There is a new online resource for researchers conducting research involving children: The Ethical Research Involving Children (ERIC) website. ERIC aims to “assist researchers and the research community to understand, plan and conduct ethical research involving children and young people in any geographical, social, cultural or methodological context.” The website is designed as a repository of information and resources to help “guide and improve research involving children.”
UC Davis has developed a series of online video vignettes to help researchers develop their lab leadership and management skills. Each vignette raises and addresses a specific issue, such as authorship, unethical behavior, or managing personnel. Check them out ~ they are designed to address issues faced by researchers in all career stages.
The UNH Responsible Conduct of Research and Scholarly Activity (RCR) Committee announces the availability of training in the ethical and responsible conduct of research. This training meets the National Science Foundation’s (NSF) and the National Institute of Food and Agriculture’s (NIFA) RCR training requirement, and is open to any member of the UNH community. While it is primarily directed at postdoctoral researchers, graduate students, and undergraduate students, faculty and staff are invited to participate.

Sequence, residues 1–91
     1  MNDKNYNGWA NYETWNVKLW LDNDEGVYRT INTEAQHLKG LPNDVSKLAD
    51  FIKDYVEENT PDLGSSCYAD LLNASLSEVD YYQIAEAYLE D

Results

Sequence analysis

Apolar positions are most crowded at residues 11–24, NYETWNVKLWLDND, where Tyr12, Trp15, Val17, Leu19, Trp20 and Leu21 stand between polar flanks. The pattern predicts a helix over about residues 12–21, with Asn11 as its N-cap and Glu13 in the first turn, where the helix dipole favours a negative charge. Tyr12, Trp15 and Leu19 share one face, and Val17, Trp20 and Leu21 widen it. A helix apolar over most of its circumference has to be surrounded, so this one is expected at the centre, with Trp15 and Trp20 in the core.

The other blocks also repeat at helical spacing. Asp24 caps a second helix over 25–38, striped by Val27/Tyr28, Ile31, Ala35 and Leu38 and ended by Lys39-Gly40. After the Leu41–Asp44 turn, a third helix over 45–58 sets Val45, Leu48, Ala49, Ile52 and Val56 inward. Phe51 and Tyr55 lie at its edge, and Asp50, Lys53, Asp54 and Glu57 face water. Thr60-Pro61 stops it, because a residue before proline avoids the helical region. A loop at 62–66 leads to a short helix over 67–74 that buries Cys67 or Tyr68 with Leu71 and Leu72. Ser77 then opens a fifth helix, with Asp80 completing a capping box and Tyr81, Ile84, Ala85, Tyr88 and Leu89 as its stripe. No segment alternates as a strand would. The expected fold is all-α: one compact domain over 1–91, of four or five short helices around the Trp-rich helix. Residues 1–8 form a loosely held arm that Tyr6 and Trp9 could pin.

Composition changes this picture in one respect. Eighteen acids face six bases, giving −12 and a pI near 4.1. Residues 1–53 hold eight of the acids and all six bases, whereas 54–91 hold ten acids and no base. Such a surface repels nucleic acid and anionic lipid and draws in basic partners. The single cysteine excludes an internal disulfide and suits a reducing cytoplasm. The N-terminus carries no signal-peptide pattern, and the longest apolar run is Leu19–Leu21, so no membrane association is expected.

This training opportunity involves two components:
In Secrets from Belfast published in late January 2014, the Chronicle of Higher Education examined the ongoing saga of Boston College’s troubled oral history project entitled the Belfast Project. The project was conceived in 2000, and resulted in interviews of members of both sides in the Northern Ireland conflict. The project has faced many troubles, including promises of absolute confidentiality to interviewees, federal subpoenas for interview scripts, and no oversight.
The World Medical Association’s Declaration of Helsinki sets forth principles for the ethical conduct of biomedical research by physicians involving human subjects around the globe. It was originally adopted in 1964 and has been updated periodically, most recently in October 2013.
The December 2013 issue of the Office of Research Integrity's (ORI) newsletter is now available. In this issue, ORI invited several prominent researchers to provide commentaries on future directions for developing research on research integrity or the responsible conduct of research (RCR). The authors address issues such as: what research should be addressed?